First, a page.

FREEZE FRAME

House covered in snow.

House covered in snow.

The weather was cooperating nicely with above average temperatures until the new year. 2015 brought with it freezing cold temperatures. It has been around -15 degrees Celsius (5 degrees Fahrenheit) and feeling more like -25 with the wind chill consistently the last few weeks. I suppose I shouldn’t be surprised since it is January, especially with last year’s record cold Canadian winter. I don’t mind a little snow on the ground but the freezing temperatures and bitter cold wind make it impossible to do anything outdoors.

Back of house covered in snow.

Back of house covered in snow.

The problem is that this whole house moving project needs very specific weather in order to get everything done when it needs to be done. Ideally we would have had warmer weather until we were able to get the permit approved which I had hoped to have by early December. Than we could dig the foundation and pour the concrete footings and basement before Christmas. Then in the new year the snow could fly and the ground could freeze so we could safely move the house over bumpy farmer’s fields to its new home and everything would have been peachy and on schedule. But as most projects like this go, things don’t always go as planned. I am still waiting on the permit to be approved as the septic plan took a little longer. And now even if we are approved in a week or two the ground will likely be too frozen to dig and the temperature too cold for concrete to be poured.

From what I understand and have read (don’t quote me on this though as I am definitely not an expert) it is not a good idea to pour concrete at temperatures that are below -7 degrees celcius (about 20 degrees Fahrenheit) and not to pour on frozen ground, snow or ice. Basically, the concrete needs to cure for about 28 days ideally in warmer temperatures. If it doesn’t cure properly and freezes or is affected by high moisture levels it can lead to possible cracks in the concrete. There are ways to work in the cold with additives to the concrete and keeping the poured concrete warm with heating and blanket tarps while it cures but this is costlier and must be done just right to avoid any issues. So unless the temperature rises consistently by the time we are able to dig, it will likely have to be postponed until spring…sigh. I am a bit frustrated about this since the weather was really perfect for the last couple of months and I guess I just thought that the cold would hold off a little longer. The house will still have to be moved in the next month or so while the ground is frozen and snow is on the ground but will have to stay on blocks until the foundation and basement are ready. This is an extra step and extra cost since the moving crew will have to come twice now. We also can’t replace the siding or the roof until the house is moved as it could shift. Hopefully the recently strapped roof and tarp will hold up and keep any rain and snow out. I guess it does no good to get upset though when something is out of your control. And realistically, my favorite season spring is only a few months away (hopefully.) There is still plenty to do…and write about in the mean time so I’m not going to worry too much.

MID CENTURY DOOR CANDY

Selection of 1950s Schlage door escutcheons.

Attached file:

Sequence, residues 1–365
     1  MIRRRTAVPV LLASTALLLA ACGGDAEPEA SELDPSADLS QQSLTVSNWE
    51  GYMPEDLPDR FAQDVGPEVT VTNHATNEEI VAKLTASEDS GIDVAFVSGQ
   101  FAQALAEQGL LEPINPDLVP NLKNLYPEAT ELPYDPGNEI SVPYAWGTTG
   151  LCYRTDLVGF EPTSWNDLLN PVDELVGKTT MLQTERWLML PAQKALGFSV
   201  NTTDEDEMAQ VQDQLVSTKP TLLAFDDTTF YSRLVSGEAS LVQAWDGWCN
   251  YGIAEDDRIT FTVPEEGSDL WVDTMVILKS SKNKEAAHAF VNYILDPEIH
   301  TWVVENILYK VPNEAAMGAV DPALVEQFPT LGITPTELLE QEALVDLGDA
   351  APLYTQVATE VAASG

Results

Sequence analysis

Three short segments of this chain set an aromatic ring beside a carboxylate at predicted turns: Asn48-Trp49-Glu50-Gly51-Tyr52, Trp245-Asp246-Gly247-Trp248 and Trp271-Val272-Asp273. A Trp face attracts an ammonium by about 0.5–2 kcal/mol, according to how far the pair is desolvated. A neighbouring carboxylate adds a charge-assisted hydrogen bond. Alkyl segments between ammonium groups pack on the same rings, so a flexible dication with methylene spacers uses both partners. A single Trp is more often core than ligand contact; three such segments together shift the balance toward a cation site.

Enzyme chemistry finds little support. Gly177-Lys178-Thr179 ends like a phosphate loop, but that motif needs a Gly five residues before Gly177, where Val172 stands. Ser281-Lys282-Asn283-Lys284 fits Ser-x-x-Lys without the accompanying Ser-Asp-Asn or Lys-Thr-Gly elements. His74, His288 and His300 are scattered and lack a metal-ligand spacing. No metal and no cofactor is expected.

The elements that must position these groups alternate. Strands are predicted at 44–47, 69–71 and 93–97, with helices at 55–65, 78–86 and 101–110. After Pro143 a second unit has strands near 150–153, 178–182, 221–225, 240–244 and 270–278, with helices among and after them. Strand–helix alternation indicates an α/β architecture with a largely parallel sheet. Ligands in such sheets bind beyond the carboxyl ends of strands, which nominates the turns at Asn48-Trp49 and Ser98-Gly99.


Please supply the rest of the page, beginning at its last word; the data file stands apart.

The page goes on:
Selection of 1950s Schlage door escutcheons.

I have always admired these mid century doors with their pretty geometric shaped panels in so many wonderful designs. Mid century home owners not only had amazing styles of doors to choose from, they also had fashionable accessories for their front door and entranceway.

Mid century door styles from a 1960s Beaver Lumber ad.

Mid century door styles from a 1960s Beaver Lumber ad.

Schlage was a company that sold very stylish door knobs, locks, latches and escutcheons in the 1950’s and 1960s. The company started out in the 1920s and is still in business today. A 1952 Schlage ad in a home planners guide explains to home owners that “Locks and latches are important ornamental details of your new home. You should choose them with the same care you would give to your personal jewelry, or to the silverware that adorns your dining table.”

1950s Schlage magazine ad for door handles.

1950s Schlage magazine ad for door handles.

I would really love to have a starburst design similar to this on our door. Time to do a search on Etsy and Ebay.

The astra design by Schlage.

The astra design door knob and wide Novo escutcheon by Schlage.

Here is another design – simpler but so stylish.

Vintage Schlage door knob and escutcheon.

Vintage Schlage Saturn door knob and banded Riviera escutcheon.

And you didn’t just head to a big box hardware store in the 1950s and grab some door knobs off of a shelf – you went to visit your local Schlage dealer. This great photo is from a 1952 home planner guide…it shows a young couple deciding on door hardware, the wife looking so hopeful that her husband will agree to buy the knobs and escutcheons she has her heart set on.

Photo from a vintage 1952 Schlage ad.

Photo from a vintage 1952 Schlage ad.

There were also lovely door bells to choose from including a starburst design and other unique mid century styles.

1960s Nutone pushbutton doorbells.

1960s Nutone pushbutton doorbells.

Even mail boxes were a thing of beauty and style. I was lucky enough to find this one in a great little Etsy shop (https://www.etsy.com/shop/midcenturykitschen) which will end up in our entranceway.

Mid century starburst mail box by Griswold.

Mid century starburst mail box by Griswold.